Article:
Format

Send to

Choose Destination
Neurosci Bull. 2016 Dec;32(6):591-596. Epub 2016 Oct 1.

Long-Term Cognitive Improvement After Benfotiamine Administration in Patients with Alzheimer's Disease.

Author information

1
Department of Neurology, Zhongshan Hospital, State Key Laboratory of Medical Neurobiology, Institutes of Brain Science and Collaborative Innovation Center for Brain Science, Fudan University, Shanghai, 200032, China.
2
PET Center, Huashan Hospital, Fudan University, Shanghai, 200443, China.
3
Department of Neurology, Zhongshan Hospital, State Key Laboratory of Medical Neurobiology, Institutes of Brain Science and Collaborative Innovation Center for Brain Science, Fudan University, Shanghai, 200032, China. zhongcj@163.com.

Abstract

To date, we still lack disease-modifying therapies for Alzheimer's disease (AD). Here, we report that long-term administration of benfotiamine improved the cognitive ability of patients with AD. Five patients with mild to moderate AD received oral benfotiamine (300 mg daily) over 18 months. All patients were examined by positron emission tomography with Pittsburgh compound B (PiB-PET) and exhibited positive imaging with β-amyloid deposition, and three received PiB-PET imaging at follow-up. The five patients exhibited cognitive improvement as assayed by the Mini-Mental Status Examination (MMSE) with an average increase of 3.2 points at month 18 of benfotiamine administration. The three patients who received follow-up PiB-PET had a 36.7% increase in the average standardized uptake value ratio in the brain compared with that in the first scan. Importantly, the MMSE scores of these three had an average increase of 3 points during the same period. Benfotiamine significantly improved the cognitive abilities of mild to moderate AD patients independently of brain amyloid accumulation. Our study provides new insight to the development of disease-modifying therapy.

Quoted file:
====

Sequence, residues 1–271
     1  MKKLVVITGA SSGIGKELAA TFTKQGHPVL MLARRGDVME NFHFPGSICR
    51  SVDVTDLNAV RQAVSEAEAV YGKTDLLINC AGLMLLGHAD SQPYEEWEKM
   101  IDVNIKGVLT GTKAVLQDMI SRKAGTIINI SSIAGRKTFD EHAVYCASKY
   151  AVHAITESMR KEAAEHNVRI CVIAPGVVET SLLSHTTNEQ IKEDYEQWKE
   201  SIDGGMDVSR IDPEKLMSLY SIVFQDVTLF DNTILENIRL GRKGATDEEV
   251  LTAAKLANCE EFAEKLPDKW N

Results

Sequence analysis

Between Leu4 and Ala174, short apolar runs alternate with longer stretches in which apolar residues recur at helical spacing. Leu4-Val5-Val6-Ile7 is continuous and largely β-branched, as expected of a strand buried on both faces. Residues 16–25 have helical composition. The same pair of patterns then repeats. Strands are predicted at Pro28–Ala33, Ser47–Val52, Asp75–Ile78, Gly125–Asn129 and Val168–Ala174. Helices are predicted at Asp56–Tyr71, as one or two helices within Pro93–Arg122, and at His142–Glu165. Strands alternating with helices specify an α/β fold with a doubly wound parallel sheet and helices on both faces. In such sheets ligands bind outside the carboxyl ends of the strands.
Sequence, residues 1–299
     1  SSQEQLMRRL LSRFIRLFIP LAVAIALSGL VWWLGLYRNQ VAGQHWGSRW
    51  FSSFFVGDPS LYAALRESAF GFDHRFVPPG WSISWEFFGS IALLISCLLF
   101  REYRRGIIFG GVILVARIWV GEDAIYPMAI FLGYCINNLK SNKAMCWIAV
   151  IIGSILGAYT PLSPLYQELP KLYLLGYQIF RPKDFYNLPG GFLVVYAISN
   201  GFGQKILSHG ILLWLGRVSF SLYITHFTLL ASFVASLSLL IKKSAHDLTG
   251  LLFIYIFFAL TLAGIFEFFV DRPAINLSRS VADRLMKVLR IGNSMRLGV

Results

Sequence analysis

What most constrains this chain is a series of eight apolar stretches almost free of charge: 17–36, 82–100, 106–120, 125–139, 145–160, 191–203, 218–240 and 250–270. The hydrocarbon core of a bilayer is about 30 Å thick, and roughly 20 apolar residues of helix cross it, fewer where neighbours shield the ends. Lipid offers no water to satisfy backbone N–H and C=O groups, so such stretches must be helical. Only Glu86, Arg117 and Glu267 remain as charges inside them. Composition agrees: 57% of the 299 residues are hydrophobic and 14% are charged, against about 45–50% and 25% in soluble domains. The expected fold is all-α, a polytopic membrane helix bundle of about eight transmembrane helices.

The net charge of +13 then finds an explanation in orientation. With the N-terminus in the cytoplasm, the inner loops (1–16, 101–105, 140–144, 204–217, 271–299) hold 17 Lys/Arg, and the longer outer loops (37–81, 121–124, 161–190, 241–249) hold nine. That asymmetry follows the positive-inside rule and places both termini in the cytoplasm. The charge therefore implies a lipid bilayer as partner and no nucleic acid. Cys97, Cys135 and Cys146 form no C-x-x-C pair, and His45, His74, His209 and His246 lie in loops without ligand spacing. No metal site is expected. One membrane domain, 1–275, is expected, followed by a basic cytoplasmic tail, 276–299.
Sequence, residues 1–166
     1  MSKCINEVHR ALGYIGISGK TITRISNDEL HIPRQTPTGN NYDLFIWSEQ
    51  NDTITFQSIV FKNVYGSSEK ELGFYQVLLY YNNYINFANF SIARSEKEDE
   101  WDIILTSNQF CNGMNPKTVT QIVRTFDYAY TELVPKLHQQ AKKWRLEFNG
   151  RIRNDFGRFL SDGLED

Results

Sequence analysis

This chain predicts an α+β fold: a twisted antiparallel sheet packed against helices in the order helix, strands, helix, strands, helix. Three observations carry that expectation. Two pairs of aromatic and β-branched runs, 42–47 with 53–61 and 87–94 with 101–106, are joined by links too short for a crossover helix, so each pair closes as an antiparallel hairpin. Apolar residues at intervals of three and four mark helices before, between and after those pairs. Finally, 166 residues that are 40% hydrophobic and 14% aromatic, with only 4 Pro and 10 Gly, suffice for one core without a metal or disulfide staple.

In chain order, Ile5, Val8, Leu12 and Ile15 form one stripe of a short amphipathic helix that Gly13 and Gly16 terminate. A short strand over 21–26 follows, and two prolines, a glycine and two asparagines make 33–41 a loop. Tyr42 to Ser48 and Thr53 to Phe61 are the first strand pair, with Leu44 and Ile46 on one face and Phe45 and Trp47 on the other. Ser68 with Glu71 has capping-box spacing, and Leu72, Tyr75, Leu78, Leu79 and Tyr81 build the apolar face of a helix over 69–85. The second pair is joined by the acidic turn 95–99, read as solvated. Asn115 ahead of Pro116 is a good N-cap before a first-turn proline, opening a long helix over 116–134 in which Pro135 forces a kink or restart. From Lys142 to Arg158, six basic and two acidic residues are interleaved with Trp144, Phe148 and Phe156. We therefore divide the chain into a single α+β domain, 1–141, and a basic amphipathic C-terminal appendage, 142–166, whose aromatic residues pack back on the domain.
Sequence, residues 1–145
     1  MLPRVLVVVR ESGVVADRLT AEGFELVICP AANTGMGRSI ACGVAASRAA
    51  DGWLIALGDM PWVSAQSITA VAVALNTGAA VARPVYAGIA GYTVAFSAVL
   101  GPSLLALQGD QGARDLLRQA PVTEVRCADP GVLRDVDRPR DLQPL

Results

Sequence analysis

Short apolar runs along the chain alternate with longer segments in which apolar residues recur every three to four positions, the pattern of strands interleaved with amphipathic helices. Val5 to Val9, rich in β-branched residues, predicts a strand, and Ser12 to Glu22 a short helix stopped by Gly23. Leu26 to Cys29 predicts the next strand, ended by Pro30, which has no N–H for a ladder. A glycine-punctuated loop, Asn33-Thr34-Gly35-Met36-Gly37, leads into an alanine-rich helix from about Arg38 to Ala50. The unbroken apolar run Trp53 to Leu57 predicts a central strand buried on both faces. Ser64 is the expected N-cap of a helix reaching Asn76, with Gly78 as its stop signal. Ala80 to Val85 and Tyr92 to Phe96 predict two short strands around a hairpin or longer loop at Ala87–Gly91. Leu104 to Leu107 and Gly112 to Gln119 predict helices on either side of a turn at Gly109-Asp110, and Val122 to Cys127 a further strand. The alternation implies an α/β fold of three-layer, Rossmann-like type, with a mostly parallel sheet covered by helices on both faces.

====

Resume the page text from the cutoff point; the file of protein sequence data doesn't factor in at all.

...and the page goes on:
KEYWORDS:

Alzheimer’s disease; Amyloid deposition; Benfotiamine; PiB-PET; Therapy

PMID:
27696179
PMCID:
PMC5567484
DOI:
10.1007/s12264-016-0067-0
[Indexed for MEDLINE]
Free PMC Article

Supplemental Content

Full text links

Icon for Springer Icon for PubMed Central
Loading ...
Support Center